In a similar way, if we know who God is, we know what we can depend on Him for. We know how to relate to Him. We know how He is able to meet our needs. When we are anxious, we need God to comfort us, and when we are afraid, we need to know that God will protect us. The good news is that God has revealed Himself in ways that speak to the unique needs of our experience, and He has done this so that we may know what sort of relationship we can have and what we can expect from Him. What a comfort and joy it is to know to Whom we belong, why He is worthy of our worship, and what we can expect from Him!

Advent is a fitting season to remember and reflect upon these truths. As the image of God, Jesus is the perfect embodiment of every one of God’s names. More than anywhere else, when we look to Jesus, we see and understand exactly who this God is and what He is like. Just as importantly, as we look to Jesus, we see better than ever how God meets us in our time of need, what sort of relationship we can have with Him, and why Jesus is worthy of our worship. In Jesus, God became man, and the divine nature meets human experience.

As we look back to how God has revealed himself in Jesus, we remember who God is and who He is for us. We are reminded that Jesus is exactly who we need in our experience and why He is worthy of our worship. As we learn together about the names of God, may we grow together in our understanding of who our God is, and see and worship Him foremost as He is revealed in the person of the Lord Jesus.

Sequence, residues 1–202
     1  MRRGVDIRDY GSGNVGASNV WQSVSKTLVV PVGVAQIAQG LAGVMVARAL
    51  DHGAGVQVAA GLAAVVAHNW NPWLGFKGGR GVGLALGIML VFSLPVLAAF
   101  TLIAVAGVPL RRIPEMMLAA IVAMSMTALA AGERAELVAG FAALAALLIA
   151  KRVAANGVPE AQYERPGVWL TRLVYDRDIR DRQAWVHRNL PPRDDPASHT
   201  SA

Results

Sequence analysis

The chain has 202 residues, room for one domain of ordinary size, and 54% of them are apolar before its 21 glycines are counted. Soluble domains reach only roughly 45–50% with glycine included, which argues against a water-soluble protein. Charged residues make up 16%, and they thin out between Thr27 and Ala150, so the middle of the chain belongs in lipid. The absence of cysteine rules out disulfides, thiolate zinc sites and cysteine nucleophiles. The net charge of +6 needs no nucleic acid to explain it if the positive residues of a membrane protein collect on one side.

Baptism: A Matter of Life and Death

Baptism: A Matter of Life and Death

Our church family gathered recently to celebrate and witness a number of people profess their faith through baptism. It was wonderful to be together with so many congregants from our five campuses and their loved ones!

For those who have been around churches for a few years, baptisms may seem rote or routine. And for those who are less familiar with church, baptisms may seem strange – You found religion or something…and now you want to get dunked in water? What’s that all about?

Indeed, what exactly is baptism all about? Let’s find out…

What happens in baptism is a matter of life and death. I know that is a bold statement, so let me unpack it, beginning with the second part.

There is a death we must die.

One of the most famous verses in the Bible is Romans 6:23, which begins “For the wages of sin is death.”

The wages of sin is death. Now sin is an especially religious word. We don’t hear it used much outside of religious contexts, and if we do, it’s something like, “It would have been a sin not to have indulged in a slice of that extra rich chocolate cake.”